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Published by: Idrija Tourism Board Editors: Magma Geopark (Norway): Cathrine Johannessen Skogen, Pål Thjømøe, Sara Gentilini, Idrija Heritage Centre (Slovenija): Mojca Gorjup Kavčič, Nina Erjavec, Naturtejo Empresa de Turismo (Portugal): Mariana Vilas Boas, Maria Manuela Catana, Carlos Neto de Carvalho Črni Vrh Elementary school (Slovenija): Lilijana Homovec, Maja Sever Agrupamento de Escolas de Jose Sivestro Ribeiro (Portugal): André Azeiteiro, Elsa Cantinhas Universitetet o Ljubljana (Slovenija): Andrej Šmuc, Tomislav Popit Locatify ehf (Iceland): Leifur Bjornsson, Steinunn Anna Gunnlaugsdottir

Text and photos by: ESTEAM team Frontpage and design: OblikovANJA računalniško oblikovanje ANJA GOLOB s.p., Mojca Gorjup Kavčič Proofreading English version: Dag Gjerde, Norway ©: 2019 ESTEAM Project

Kataložni zapis o publikaciji (CIP) pripravili v Narodni in univerzitetni knjižnici v Ljubljani COBISS.SI-ID=301577728 ISBN 978-961-94242-9-2 (pdf)

Co-funded by the Erasmus+ Programme of the European Union

ERASMUS+: KA2 – Co-operation for innovation and the Exchange of Good Practices/Strategic Partnerships for School Education

The contents of this book do not reflect the official views of the European Union. Responsibility for the information and views expressed in this book comes from the authors.


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Preface .............................................................................................................. 4

How to make a game and play it ................................................................ 31

The ESTEAM project .......................................................................................... 5

Video tutorials in 7 chapters................................................................... 31

Presentation of wider context about teachers’ beliefs about ICT/digital technologies and pedagogy in combination with ICT ....................................... 6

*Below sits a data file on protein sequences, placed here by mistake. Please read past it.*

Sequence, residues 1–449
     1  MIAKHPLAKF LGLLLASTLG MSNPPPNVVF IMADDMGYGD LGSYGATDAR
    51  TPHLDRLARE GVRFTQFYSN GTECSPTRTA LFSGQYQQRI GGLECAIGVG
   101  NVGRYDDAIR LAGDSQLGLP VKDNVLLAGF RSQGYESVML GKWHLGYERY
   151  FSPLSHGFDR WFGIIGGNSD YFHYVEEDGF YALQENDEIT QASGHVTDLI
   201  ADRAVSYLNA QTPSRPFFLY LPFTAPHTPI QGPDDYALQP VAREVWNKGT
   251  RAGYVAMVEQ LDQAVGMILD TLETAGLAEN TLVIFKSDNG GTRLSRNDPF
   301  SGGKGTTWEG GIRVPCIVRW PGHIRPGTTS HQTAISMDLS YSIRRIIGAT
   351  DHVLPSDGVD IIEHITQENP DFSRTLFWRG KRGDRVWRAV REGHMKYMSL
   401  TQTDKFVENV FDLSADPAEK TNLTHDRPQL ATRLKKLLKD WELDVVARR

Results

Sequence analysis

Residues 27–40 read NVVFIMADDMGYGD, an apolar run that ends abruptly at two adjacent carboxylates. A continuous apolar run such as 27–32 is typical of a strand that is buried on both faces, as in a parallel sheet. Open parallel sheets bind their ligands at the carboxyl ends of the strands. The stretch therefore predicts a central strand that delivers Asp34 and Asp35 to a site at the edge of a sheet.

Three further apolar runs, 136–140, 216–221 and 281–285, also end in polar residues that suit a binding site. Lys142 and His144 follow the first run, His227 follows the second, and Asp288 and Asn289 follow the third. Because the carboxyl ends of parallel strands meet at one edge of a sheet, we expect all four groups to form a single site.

Log in and make your first game ......................................................... 32 Add treasures and content ................................................................. 32

Review and summary of O1 and O2 ................................................................ 10 Teaching methodology .................................................................................... 13 Features of educational activities in nature, preparation and how to motivate pupils to work in the field ............................................................................... 16 Presentation of the characteristics of the implementation of educational activities in nature....................................................................................... 16 Preparation and motivation of students to learn in the field / outdoors, examples of good practice: the case of Naturtejo Geopark – UNESCO Global Geopark ........................................................................................... 16 Pilot testing – cases and user experience ....................................................... 25 Slovenian School ......................................................................................... 25 Portuguese School ...................................................................................... 25 Norwegian School ....................................................................................... 26 Possibilities for presentation and transmission of natural science using ICT technology ....................................................................................................... 28 Tutorial for teachers to make treasure hunt games for smartphones to use in outdoor field trips with students .................................................................... 30 What’s the ESTEAM project about .............................................................. 30 How to participate ...................................................................................... 30 Start making games..................................................................................... 31 Once you have received the invitation and signed up – prerequisites... 31

Add question challenges ..................................................................... 32 Add photo and draw challenges ......................................................... 33 Configure your game for publication .................................................. 33 Publish and run the game ................................................................... 34 After playing the game........................................................................ 34 Thoughts and hopes for the future of TeachOUT ........................................... 36 Conclusion by a project leader........................................................................ 38 Sources ............................................................................................................ 40 Contacts .......................................................................................................... 41